Click amount to donate direct to CounterPunch
  • $25
  • $50
  • $100
  • $500
  • $other
  • use PayPal
Please Support CounterPunch’s Annual Fund Drive
We don’t run corporate ads. We don’t shake our readers down for money every month or every quarter like some other sites out there. We only ask you once a year, but when we ask we mean it. So, please, help as much as you can. We provide our site for free to all, but the bandwidth we pay to do so doesn’t come cheap. All contributions are tax-deductible.
FacebookTwitterGoogle+RedditEmail

How the Economy Loses Under Trump or Clinton: “Gordon Gekko” Explains

Photo by David Ohmer | CC BY 2.0

Photo by David Ohmer | CC BY 2.0

Famous Wall Street Investor Asher Edelman served as the inspiration for the character Gordon Gekko, played by Michael Douglas in the 1980’s Oliver Stone film, Wall Street. A recent CNN article published on August 23rd about Donald Trump’s controversial investing in the 1980’s referred to the time as the “Gordon Gekko Era” though Edelman, the character’s inspiration, called the election between Trump and Clinton, “the worst of two evils or the best of two evils,” in a phone interview with me, noting “I guess Hillary is the best of two evils.”

Earlier this year, Edelman’s segment during a CNBC interview in which he described his support for Bernie Sanderswent viral. He described Sanders as the best candidate for the economy due to Sanders’ ambitions to redistribute wealth in this country to the lower and middle classes who tend to spend much more of their income than the wealthy. Recent trends have seen wealth increase for the wealthy, while the consumer base of the lower and middle classes continues to shrink. As far as providing solutions to the increasing wealth and income inequality throughout the United States, the candidacies of Hillary Clinton and Donald Trump don’t provide any, according to Edelman.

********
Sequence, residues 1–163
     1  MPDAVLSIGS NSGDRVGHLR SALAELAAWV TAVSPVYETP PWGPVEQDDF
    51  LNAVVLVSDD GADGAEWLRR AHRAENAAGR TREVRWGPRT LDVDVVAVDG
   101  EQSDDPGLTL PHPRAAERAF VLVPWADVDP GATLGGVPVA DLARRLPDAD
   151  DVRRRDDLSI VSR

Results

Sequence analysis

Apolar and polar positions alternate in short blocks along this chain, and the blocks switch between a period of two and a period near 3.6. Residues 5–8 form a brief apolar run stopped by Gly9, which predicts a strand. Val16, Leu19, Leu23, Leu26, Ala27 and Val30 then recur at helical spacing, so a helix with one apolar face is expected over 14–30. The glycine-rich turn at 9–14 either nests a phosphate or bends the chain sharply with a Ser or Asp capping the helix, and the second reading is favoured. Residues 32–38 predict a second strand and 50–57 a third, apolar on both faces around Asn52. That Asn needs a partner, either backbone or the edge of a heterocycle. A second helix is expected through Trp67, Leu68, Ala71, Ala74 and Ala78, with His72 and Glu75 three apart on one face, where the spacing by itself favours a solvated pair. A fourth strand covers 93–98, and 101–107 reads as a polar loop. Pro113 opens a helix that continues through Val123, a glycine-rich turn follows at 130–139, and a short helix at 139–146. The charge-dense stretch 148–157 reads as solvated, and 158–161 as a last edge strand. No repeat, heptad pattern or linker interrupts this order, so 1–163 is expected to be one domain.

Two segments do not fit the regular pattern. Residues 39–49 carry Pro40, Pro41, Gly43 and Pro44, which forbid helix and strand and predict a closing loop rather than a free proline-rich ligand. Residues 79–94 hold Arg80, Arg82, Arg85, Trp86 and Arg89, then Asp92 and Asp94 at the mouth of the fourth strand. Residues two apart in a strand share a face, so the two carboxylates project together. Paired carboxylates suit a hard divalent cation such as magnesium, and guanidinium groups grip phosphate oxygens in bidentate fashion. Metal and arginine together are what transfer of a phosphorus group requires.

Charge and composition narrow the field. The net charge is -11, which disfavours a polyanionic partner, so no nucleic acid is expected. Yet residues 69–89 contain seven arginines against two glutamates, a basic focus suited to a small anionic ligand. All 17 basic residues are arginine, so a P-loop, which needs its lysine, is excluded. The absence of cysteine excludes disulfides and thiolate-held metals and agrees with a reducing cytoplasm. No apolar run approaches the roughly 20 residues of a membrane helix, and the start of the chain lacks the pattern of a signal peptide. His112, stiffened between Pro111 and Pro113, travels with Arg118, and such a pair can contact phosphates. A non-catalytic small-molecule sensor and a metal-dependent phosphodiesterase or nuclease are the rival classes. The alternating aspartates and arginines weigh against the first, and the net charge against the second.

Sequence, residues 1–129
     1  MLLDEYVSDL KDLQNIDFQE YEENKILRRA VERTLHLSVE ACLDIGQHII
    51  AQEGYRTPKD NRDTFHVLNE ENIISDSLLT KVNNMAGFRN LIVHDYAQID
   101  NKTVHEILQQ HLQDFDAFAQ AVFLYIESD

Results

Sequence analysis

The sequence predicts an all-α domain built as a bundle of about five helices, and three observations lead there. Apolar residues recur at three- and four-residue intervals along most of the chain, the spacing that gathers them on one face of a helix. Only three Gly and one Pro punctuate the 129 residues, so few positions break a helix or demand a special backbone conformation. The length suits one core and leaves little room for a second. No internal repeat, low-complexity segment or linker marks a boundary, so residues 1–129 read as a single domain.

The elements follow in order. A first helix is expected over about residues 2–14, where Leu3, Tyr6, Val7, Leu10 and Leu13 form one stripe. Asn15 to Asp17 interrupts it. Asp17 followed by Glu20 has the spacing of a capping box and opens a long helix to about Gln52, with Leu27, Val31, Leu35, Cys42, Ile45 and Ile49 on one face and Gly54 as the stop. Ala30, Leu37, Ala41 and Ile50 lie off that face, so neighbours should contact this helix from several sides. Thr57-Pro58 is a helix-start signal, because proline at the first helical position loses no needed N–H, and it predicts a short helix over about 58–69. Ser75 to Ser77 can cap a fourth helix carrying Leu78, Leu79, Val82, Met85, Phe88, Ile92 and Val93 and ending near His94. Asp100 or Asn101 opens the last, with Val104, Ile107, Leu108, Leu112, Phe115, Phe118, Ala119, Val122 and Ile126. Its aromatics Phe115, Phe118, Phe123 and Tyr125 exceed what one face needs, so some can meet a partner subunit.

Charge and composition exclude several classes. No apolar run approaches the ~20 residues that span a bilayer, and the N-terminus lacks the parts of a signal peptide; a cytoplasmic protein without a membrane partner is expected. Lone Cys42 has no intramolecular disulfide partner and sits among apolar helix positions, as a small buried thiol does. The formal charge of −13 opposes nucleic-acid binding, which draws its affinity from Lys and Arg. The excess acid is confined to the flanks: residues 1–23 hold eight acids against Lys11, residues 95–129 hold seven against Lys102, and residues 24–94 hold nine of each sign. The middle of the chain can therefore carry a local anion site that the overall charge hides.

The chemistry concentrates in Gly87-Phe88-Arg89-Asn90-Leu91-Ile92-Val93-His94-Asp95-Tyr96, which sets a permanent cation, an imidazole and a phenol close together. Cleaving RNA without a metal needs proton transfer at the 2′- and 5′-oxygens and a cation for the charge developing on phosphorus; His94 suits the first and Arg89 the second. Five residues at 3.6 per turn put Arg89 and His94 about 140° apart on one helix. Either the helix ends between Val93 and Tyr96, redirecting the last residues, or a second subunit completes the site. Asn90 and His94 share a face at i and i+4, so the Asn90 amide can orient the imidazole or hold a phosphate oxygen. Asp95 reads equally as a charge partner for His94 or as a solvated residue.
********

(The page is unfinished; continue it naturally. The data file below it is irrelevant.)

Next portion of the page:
“I think a Clinton presidency would leave us in the same position we are in today. That is to say with the middle class and lower classes remaining disadvantaged, with the wealthier people becoming wealthier, with favoritism towards Wall street, the oil companies, and the pharmaceutical companies,” he said. “I think with a Trump presidency, it’s foolish to even think of one, but it’s a remote possibility because of Hillary’s difficulties.”

Edelman cited the idea of Trump having the authority to fire nuclear weapons increases the threat of nuclear war, but even if that were evaded, the United States would still be headed towards an economic disaster. “Donald Trump doesn’t have a clue about economics, and doesn’t have a clue about macroeconomics. I imagine you would have one of these dictatorships which are favorable to his friends and unfavorable to the rest of the country, with most businesses moving offshore pretty quickly.”